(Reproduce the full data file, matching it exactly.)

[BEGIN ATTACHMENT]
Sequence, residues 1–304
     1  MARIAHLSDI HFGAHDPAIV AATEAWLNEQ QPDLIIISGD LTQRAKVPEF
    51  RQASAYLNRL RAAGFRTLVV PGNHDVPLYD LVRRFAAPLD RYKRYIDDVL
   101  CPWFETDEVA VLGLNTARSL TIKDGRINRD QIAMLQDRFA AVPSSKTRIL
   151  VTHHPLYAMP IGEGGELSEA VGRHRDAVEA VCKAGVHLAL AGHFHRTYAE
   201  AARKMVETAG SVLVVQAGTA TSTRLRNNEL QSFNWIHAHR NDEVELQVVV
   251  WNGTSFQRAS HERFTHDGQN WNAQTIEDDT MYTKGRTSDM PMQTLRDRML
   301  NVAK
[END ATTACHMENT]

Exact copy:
Sequence, residues 1–304
     1  MARIAHLSDI HFGAHDPAIV AATEAWLNEQ QPDLIIISGD LTQRAKVPEF
    51  RQASAYLNRL RAAGFRTLVV PGNHDVPLYD LVRRFAAPLD RYKRYIDDVL
   101  CPWFETDEVA VLGLNTARSL TIKDGRINRD QIAMLQDRFA AVPSSKTRIL
   151  VTHHPLYAMP IGEGGELSEA VGRHRDAVEA VCKAGVHLAL AGHFHRTYAE
   201  AARKMVETAG SVLVVQAGTA TSTRLRNNEL QSFNWIHAHR NDEVELQVVV
   251  WNGTSFQRAS HERFTHDGQN WNAQTIEDDT MYTKGRTSDM PMQTLRDRML
   301  NVAK